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Brush up on COBOL basics

COBOL might be one of the oldest programming languages, but that doesn't mean developers know all there is to know. We have expert insights on COBOL basics.

COBOL isn't a new programming language, but it still presents challenges in a modern data center. And COBOL newbies and veterans can always benefit from brushing up on their skills. These answers will help even the most seasoned mainframe programmers.

Should I check FILE STATUS after READ/WRITE in program (having IF FILE STATUS = 00), or will the operating system handle it?
-- Robert Crawford, systems programmer

Always check FILE STATUS after each input/output (I/O) operation. If the error is bad enough, the OS will interrupt and abend your program. Otherwise, if your program receives control after the I/O, the program needs to know what happened to react properly.

Is compiling still necessary with application development tools that can clean up scripts before production?
-- Wayne Kernochan, analyst, Infostructure Associates

COBOL compilers handle a lot of optimization and perform checks that development tools either can't do, or don't do as well as a compiler. But compiling sometimes takes a long time. Some applications won't get a perceptible performance boost from the rigorous optimization, syntax checking and semantics review of a compiler, but for applications handling big data or online transactions, the additional step is worth it.

Are there options for COBOL akin to ARCH and TUNE?

Crawford: ARCH and TUNE used to be IBM's compiler options only for the C++ programming language in its Language Environment (LE) compiler. IBM has opened up the LE optimization to COBOL and PL/I, so you can use ARCH and TUNE on COBOL application code.

The ARCH level helps generate object code with performance-enhanced machine instructions. TUNE makes code work best with the processor's instruction pipeline and cache.

There's one critical application that is based on COBOL left in our IT organization. Most everything else has moved to Java. What can we (as COBOL programmers) do to make sure the app still works?
-- Judith M. Myerson, systems architect and engineer

You have a couple of options for converting old COBOL programs, but none are completely pain-free.

Depending on skills, timeframe and the underlying program code, you can manually rewrite the legacy code from COBOL to C/C++, and automatically convert it or rehost the legacy system on a new platform.

Is there a way to replace the first two characters in all fields from a file? I have a copy-dds from a file where the fields have TRxxxx (where 'xxxx' is different from field to field). I want to replace the 'TR' by 'SP'.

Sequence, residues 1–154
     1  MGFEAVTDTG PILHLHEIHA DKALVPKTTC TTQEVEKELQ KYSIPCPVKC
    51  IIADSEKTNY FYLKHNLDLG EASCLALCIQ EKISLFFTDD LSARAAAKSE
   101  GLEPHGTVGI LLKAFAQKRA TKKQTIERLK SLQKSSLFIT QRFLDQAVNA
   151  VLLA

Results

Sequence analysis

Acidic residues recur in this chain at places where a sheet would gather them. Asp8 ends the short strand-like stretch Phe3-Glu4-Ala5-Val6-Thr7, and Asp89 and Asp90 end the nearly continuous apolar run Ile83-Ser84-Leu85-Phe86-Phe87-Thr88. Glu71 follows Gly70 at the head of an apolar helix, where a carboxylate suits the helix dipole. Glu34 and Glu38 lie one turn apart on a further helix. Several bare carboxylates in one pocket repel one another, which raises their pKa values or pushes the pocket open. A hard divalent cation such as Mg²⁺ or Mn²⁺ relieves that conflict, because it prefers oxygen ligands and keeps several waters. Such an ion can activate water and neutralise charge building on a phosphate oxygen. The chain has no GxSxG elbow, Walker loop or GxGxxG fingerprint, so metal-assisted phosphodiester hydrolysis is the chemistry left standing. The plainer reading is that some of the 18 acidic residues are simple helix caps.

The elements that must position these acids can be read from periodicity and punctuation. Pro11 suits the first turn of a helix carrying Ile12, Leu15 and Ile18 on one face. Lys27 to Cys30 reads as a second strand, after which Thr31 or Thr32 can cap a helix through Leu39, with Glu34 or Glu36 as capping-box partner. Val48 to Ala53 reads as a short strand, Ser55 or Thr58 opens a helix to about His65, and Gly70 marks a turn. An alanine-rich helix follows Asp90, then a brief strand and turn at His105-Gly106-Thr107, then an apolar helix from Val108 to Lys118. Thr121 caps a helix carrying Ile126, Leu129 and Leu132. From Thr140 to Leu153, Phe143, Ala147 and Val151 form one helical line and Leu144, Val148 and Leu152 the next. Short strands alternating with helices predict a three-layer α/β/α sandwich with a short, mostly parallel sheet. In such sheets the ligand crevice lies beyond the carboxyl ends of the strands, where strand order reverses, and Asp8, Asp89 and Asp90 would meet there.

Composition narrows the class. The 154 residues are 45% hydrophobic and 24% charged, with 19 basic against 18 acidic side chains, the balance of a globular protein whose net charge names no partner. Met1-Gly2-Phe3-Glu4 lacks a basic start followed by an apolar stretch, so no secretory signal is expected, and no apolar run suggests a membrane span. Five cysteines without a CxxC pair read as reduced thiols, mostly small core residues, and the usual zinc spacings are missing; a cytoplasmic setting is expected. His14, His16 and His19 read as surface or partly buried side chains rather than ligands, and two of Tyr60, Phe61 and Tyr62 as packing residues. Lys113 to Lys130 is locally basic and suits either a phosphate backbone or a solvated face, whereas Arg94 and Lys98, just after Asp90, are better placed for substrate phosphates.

-- Tom Liotta, ITKnowledgeExchange contributor and systems programmer

There's no good way to replace only a portion -- or an existing 'prefix' -- of a name in a COPY DDS statement. To make the names the same, use the same COPY DDS statement for both files. If the record formats are structured differently, then you might want to make source member from one of the files and change the prefix characters with an editor, e.g. the Source Entry Utility (SEU). Use the modified COPY member instead of the COPY DDS member.

I haven't used an AS/400 in 18 years. I can start SEU but don't remember what to do next. How do I insert lines of code?
-- Todd Nashville and Ross Howatson, ITKnowledgeExchange contributors

You'll need to re-familiarize yourself with COBOL basics. Go to the line number and type 'IP?' to show all line prompt types. Click F1 then F2 to display the help screen description of each prompt type.

Tools such as IBM's Rational Developer for i have screen developer and report developer tools, which makes working in the code faster and easier.

Also, if you're using the AS/400 for the long term, try these techniques to code in a way that won't slow down the program's performance.

Next Steps

Browse related COBOL troubleshooting tips for more help

Visit our COBOL user forum

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I'd be curious as to how many shops out there are using COBOL. I have not worked with it since 1983-84. The same with the other language Fortran. What business type are most likely to use these languages.
Cobol is all over the banks. 70 - 80% of trans are back ended in CICS or IMS ... and most of that is Cobol. I don't see much Fortran but I'm more in the business side.
I saw a stat the other day that there are still more lines of Cobol code out there than all other languages combined. I am sure some of the reason is that it takes more lines of code to do something in Cobol.
Yes. Cobol is a much more lengthy coding language. IT allows for very descriptive field names, wich can be a plus. On the other side punctuation can be a killer. One missing period in the code can cause it not to function properly. They are easily missed when reviewing code for errors during the debug process.
The COBOL job market in major cities remains surprisingly strong.  
I'm a cobol programmer (aged 37) and have always programmed on a Mainframe. I find cobol a doddle to write - missing full stops? just don't use them except for end of sections!!! Given that banking makes most of this world turn, and the numbers involved are getting bigger, nothing beats a Mainframe for crunching those numbers!!! With the modernisation of the 'big irons' from IBM these days, there's very little (if anything) a mainframe can't do... except make me a cuppa
COBOL might not be flashy, but mainframes and COBOL programming still make the F 500 world go 'round. Here's an interesting WSJ blog on COBOL's myths and reality: